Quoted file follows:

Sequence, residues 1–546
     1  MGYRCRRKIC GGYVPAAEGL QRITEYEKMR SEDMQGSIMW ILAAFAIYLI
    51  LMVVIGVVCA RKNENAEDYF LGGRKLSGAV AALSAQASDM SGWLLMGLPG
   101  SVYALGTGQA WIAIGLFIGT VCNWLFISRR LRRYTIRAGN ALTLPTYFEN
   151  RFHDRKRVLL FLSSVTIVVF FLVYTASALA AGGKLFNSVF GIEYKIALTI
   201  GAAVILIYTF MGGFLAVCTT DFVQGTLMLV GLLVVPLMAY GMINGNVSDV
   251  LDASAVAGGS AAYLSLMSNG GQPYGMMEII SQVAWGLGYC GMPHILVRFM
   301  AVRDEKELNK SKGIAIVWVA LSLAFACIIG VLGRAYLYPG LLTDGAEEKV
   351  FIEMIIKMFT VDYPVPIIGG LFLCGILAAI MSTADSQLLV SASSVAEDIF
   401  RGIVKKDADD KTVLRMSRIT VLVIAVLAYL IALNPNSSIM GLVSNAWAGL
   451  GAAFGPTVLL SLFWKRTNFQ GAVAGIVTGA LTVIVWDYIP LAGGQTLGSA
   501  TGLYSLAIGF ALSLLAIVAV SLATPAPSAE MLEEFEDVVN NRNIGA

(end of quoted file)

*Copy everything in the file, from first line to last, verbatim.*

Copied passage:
Sequence, residues 1–546
     1  MGYRCRRKIC GGYVPAAEGL QRITEYEKMR SEDMQGSIMW ILAAFAIYLI
    51  LMVVIGVVCA RKNENAEDYF LGGRKLSGAV AALSAQASDM SGWLLMGLPG
   101  SVYALGTGQA WIAIGLFIGT VCNWLFISRR LRRYTIRAGN ALTLPTYFEN
   151  RFHDRKRVLL FLSSVTIVVF FLVYTASALA AGGKLFNSVF GIEYKIALTI
   201  GAAVILIYTF MGGFLAVCTT DFVQGTLMLV GLLVVPLMAY GMINGNVSDV
   251  LDASAVAGGS AAYLSLMSNG GQPYGMMEII SQVAWGLGYC GMPHILVRFM
   301  AVRDEKELNK SKGIAIVWVA LSLAFACIIG VLGRAYLYPG LLTDGAEEKV
   351  FIEMIIKMFT VDYPVPIIGG LFLCGILAAI MSTADSQLLV SASSVAEDIF
   401  RGIVKKDADD KTVLRMSRIT VLVIAVLAYL IALNPNSSIM GLVSNAWAGL
   451  GAAFGPTVLL SLFWKRTNFQ GAVAGIVTGA LTVIVWDYIP LAGGQTLGSA
   501  TGLYSLAIGF ALSLLAIVAV SLATPAPSAE MLEEFEDVVN NRNIGA